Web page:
Rise in Heroin use – Is It the Doctor’s Fault?

February 20, 2015

Researchers from the University of North Florida, Brandeis University and Johns Hopkins University believe that physicians may be to blame for the rise of heroin use along with the use of other opioids. The findings indicate that though painkiller abuse has declined since 2002, the rate of overdoses caused by prescription painkillers has increased. They believe these results suggest that those who use painkillers here and there may not be the problem. Instead, the issue lies with physicians who may be prescribing this medication too liberally. The findings were published in the Annual Review of Public Health.

“I think we have overestimated the benefits of prescription opioids and underestimated their risks,” study co-author Caleb Alexander, PhD, of Johns Hopkins University, noted. “Although opioids have many risks, their addictive potential is of especially great concern.”

The researchers believe that policymakers should note these concerns and make changes to the way that these medications are prescribed, as well as figure out new ways to provide better opioid treatment.

“Since 2007, the number of people seeking treatment for an addiction to opioids has increased by 900 percent.”

Harrowing facts and figures
The researchers believe that more people are becoming addicted to the prescription painkillers that they are being prescribed, and are subsequently moving on to heroin use when they cannot afford to pay for the medication anymore or their script runs out. Addiction to painkillers is coming at a high cost – since 2007, the number of people seeking treatment for an addiction to opioids has increased by 900 percent.

The U.S. Centers for Disease control and Prevention noted that out of all drugs currently on the market, prescription painkillers are quickly becoming the most damaging. Approximately 3 out of 4 of pharmaceutical overdoses are caused by prescription painkillers. In 2008, these medications caused more overdose deaths than cocaine and heroin combined, killing about 14,800 people. For each death in the U.S., there are 825 people using these substances nonmedically, meaning they do not have a legal prescription to use the medication. Many of these painkillers are prescribed by primary care physicians. However, it seems that certain doctors are doing more work than others – about 20 percent of physicians prescribe about 80 percent of the nation’s prescriptions.

The study authors believe this type of addiction should be treated similarly to a disease outbreak. The researchers suggested that like any other epidemic, they need to prevent new cases from popping up and treat those who are already addicted to these habit-forming substances.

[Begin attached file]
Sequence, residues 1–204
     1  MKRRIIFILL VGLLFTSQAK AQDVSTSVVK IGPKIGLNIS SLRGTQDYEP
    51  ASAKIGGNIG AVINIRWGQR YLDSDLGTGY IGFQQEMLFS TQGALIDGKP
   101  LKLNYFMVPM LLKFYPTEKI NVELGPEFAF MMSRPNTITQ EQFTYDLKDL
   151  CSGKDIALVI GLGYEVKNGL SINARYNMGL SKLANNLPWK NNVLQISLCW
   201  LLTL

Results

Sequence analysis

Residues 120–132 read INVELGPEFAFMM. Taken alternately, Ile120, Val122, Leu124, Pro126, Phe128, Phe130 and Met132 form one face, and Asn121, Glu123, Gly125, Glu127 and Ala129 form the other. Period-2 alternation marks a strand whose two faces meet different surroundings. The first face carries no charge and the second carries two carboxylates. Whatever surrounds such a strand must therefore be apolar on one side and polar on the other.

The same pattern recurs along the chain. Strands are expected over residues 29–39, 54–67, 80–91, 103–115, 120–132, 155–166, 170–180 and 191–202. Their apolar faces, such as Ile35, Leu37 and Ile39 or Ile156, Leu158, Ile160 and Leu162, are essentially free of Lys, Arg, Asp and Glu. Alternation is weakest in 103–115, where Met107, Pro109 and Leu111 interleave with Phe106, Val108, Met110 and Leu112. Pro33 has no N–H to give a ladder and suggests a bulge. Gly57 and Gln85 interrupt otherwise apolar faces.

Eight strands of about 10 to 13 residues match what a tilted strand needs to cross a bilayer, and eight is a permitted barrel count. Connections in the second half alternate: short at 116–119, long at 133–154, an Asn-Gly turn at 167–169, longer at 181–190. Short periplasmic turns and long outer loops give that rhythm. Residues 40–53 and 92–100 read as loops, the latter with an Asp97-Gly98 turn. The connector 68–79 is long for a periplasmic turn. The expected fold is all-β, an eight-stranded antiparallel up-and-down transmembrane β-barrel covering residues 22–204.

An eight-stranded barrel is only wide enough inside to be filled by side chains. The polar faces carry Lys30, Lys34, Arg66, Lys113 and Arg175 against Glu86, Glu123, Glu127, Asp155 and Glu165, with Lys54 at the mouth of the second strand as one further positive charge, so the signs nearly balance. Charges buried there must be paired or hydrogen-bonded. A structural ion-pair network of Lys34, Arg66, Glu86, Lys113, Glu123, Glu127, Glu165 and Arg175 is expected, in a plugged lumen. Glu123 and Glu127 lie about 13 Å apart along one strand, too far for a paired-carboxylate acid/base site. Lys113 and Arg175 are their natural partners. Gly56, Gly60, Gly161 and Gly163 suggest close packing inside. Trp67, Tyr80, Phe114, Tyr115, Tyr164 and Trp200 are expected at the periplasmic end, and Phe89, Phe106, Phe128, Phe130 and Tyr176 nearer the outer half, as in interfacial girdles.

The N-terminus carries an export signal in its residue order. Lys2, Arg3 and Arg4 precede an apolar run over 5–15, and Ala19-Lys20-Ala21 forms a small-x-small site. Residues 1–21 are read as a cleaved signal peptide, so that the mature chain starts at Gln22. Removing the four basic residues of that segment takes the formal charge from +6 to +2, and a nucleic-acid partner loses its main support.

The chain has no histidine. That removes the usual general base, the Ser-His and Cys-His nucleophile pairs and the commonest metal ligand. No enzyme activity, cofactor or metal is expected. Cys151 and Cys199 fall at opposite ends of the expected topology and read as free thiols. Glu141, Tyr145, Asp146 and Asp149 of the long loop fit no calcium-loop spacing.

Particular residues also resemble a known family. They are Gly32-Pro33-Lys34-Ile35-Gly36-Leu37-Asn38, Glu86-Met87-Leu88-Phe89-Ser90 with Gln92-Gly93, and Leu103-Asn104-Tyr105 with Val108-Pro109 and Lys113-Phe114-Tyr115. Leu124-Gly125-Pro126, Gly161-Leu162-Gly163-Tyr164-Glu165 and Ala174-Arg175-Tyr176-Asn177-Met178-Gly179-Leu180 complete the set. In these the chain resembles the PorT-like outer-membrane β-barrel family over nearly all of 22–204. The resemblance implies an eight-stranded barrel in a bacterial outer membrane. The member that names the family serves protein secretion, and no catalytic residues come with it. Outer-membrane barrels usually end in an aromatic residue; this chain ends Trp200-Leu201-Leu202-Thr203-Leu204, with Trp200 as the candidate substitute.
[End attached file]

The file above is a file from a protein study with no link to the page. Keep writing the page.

Taking a closer look
The review also discussed how to educate the public on the dangers of opioid use and how to create a better implementation of state monitoring programs that watch how often patients are being prescribed these types of medications, and who is prescribing them the most. These programs can also identify “doctor shopping,” which is when patients use multiple physicians so they can have more than one prescription for a drug.

“By encouraging and, if necessary, requiring prescribers to use PDMPs, and by pro-actively sending them prescription data on their patients, states can help medical providers intervene at an early stage of addiction and get patients who need it into treatment,” study author John Eadie of Brandeis University stated.

The researchers noted that certain medications that fight opioid addiction and prevent opioid overdose, buprenorphine and naloxone, should be readily available to the public. This group mainly includes family members of those with an addiction, first responders and people who are part of a syringe exchange program.

The researchers noted that certain medications that fight opioid addiction and prevent opioid overdose, buprenorphine and naloxone, should be readily available to the public. This group mainly includes family members of those with an addiction, first responders and people who are part of a syringe exchange program.

The study authors concluded that in the past, people have looked to other factors aside from opioid addiction to blame for the epidemic. However, the researchers believe that with the right treatment process, which includes three different approaches, policymakers will be able to steer the public in the right direction away from opioid abuse and overdose.

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